Since the 1970s, using extensive analyses of clinical data, IRSG has developed a multidisciplinary stratification system that categorizes RMS into Group I (a localized disease that is completely resected) to IV (metastatic disease) [5, 8, 30, 31]. This system has allowed highly individualized multimodal therapeutic protocols, i.e., combinations of surgery, radiotherapy, and chemotherapy [5, 8, 16, 20, 26], to be integrated into RMS management and has contributed to the increase in five-year survival rate from 25% in 1970 to 87% [2, 3, 5, 8, 14, 16, 17, 30]. However, the 87% relates to a patient group with confined, favorable location [9, 12]. It is necessary to explore the efficacy of such protocols in groups with unfavorable factors (five-year survival rate of 31%) i.e., parameningeal location, alveolar histology, >10 years of age, incomplete surgical resection prior to adjuvant systemic treatment, and regional lymph node infiltration [8, 18, 22, 30]. The IRSG/COG clinical grouping system is depicted in Table 3. The clinical groups are assigned at diagnosis, i.e., after initial surgical management aimed at achieving wide local excision with a disease-negative margin and providing the most accurate prediction of treatment prognosis [31]; “operability” is the single most significant influence on patient survival (Table 3) [15].

Group Definition Survival rate
I Completely resected localized tumor 87%
IIA Grossly resected tumor WITH microscopic residual disease 31%
IIB Completely resected involved regional nodes with NO microscopic residual disease 31% – 87%
IIC Grossly resected involved regional nodes WITH microscopic residual disease 31%
III Incompletely resected tumor WITH gross residual disease OR biopsy-only 31%
IV Distant metastasis 0%

Challenges of approaching HNRMS surgically:

Surgical management of parameningeal HNRMS: conservative or revolutionary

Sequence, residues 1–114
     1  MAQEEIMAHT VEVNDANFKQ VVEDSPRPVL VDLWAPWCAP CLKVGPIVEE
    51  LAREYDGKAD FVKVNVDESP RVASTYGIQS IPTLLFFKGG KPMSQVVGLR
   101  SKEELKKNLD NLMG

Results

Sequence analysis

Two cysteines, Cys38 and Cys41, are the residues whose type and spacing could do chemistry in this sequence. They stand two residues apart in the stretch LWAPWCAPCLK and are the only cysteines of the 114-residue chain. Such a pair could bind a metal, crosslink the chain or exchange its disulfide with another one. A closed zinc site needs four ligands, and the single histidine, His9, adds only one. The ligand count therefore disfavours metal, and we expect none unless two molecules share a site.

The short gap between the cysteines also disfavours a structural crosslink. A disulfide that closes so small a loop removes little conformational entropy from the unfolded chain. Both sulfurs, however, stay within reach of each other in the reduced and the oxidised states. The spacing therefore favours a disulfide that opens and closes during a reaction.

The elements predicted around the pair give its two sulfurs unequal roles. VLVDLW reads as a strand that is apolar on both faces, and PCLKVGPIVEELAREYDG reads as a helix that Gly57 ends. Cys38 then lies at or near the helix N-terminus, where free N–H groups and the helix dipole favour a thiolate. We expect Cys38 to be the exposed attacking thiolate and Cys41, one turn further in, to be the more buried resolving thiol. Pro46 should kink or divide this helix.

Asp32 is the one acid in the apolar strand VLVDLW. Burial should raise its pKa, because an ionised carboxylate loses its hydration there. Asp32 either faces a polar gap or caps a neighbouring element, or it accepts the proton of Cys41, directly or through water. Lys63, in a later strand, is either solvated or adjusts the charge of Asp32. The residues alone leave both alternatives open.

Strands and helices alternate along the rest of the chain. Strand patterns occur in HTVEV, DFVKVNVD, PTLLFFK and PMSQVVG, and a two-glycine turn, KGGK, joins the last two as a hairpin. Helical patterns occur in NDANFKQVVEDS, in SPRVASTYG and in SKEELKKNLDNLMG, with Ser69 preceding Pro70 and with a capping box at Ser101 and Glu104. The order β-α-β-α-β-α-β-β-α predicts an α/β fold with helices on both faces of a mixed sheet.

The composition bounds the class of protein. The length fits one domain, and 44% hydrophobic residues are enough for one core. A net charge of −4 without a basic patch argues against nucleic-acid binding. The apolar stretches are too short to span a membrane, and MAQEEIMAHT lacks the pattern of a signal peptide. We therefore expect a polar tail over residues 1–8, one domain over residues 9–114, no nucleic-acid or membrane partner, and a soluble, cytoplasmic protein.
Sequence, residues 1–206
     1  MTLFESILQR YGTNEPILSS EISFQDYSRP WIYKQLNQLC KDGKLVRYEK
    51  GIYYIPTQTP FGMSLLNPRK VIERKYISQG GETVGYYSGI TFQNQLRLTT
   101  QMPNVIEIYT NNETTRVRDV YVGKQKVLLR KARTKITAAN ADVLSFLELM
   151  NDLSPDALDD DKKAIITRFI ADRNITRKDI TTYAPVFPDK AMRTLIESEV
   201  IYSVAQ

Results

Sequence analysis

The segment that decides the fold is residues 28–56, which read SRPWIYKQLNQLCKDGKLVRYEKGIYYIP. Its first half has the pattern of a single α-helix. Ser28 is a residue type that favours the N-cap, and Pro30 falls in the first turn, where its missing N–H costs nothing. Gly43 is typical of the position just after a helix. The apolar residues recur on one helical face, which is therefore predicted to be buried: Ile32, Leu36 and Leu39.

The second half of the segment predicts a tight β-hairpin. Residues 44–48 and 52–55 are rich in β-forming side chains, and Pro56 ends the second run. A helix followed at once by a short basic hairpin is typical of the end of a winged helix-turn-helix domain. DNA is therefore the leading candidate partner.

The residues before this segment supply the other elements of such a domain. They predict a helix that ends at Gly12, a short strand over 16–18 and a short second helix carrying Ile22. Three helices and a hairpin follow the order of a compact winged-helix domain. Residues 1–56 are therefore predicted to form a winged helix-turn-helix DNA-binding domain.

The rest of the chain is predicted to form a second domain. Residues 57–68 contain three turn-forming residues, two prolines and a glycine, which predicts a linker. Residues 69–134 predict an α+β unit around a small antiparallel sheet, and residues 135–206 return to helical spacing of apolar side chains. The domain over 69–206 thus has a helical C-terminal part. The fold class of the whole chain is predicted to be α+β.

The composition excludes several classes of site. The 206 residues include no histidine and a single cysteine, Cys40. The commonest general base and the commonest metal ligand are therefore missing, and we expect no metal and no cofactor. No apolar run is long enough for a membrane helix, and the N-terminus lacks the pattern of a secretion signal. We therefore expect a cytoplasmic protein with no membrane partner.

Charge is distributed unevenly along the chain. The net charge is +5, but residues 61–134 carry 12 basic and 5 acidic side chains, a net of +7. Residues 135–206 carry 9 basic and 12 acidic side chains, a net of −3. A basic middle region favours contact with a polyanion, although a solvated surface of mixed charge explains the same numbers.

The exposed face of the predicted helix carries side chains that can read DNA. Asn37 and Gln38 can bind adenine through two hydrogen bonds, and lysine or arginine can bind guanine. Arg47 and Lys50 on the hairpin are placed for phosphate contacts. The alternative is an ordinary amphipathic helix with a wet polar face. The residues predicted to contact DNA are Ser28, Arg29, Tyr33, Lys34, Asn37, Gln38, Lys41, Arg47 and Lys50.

From reviewing numerous articles, we concluded that there are two conflicting views amongst surgeons on the surgical management of parameningeal HNRMS: the conservative and the revolutionary. 


The traditional surgical intervention for RMS has been extensive, wide local resection with concomitant removal of a 0.5 cm thick envelope of normal tissue to achieve a clear disease-negative margin and to preserve the functions of nearby vital structures [10, 15, 31]. The aim of RMS surgery has been to perform a “curative,” complete resection to achieve the 80% overall survival rate [2, 6, 10]. However, it is often not possible to achieve such a margin in a complex anatomy such as that of the parameningeal region.

Resection of tumors in the head and neck region is especially challenging because of important tissues nearby such as neurovascular bundles and the brain, the complexity of the anatomy, and spatial restraints [14, 15, 19, 20, 28, 33]. Therefore, it is difficult to perform an ideal wide en bloc resection with a disease-negative margin without injuring adjacent structures [14, 15, 19, 20, 28, 33] and risking postoperative morbidities such as problems with vocalization, food ingestion, and respiration, and also serious cosmetic defects [14, 15, 19, 20, 28, 33].

Hence, a number of authors encourage abandonment of the surgical approach, except for excisional biopsy [8, 31], if the lesion is situated deep in the head and neck or if adequate surgical access is not attainable [8, 14], so functional and cosmetic defects that could affect quality of life adversely are avoided [34]. They also discourage the use of surgical debulking in the head and neck area [2, 29]. In addition, the COG recommends systemic therapy only for high-grade, locally advanced, relapsed, or metastatic disease [2, 29]. Patients undergoing resection of parameningeal HNRMS tend to be high-grade with a disease-positive margin [22]. As previously discussed, the grade is an important determinant of prognosis in RMS cases [22].


In contrast, some authors advocate the use of challenging yet highly technical surgical procedures to achieve a disease-negative margin for parameningeal tumors and to accomplish “operability” by adopting a “surgical approach that is based on the individual characteristics of each patient” [26]. They endorse combined craniofacial and endoscopic resection and reconstructive surgery by a multidisciplinary team of laryngologists, maxillofacial surgeons, neurosurgeons, plastic surgeons, and ophthalmologists [8, 27], and further stretch their support of surgery to “palliative” operations.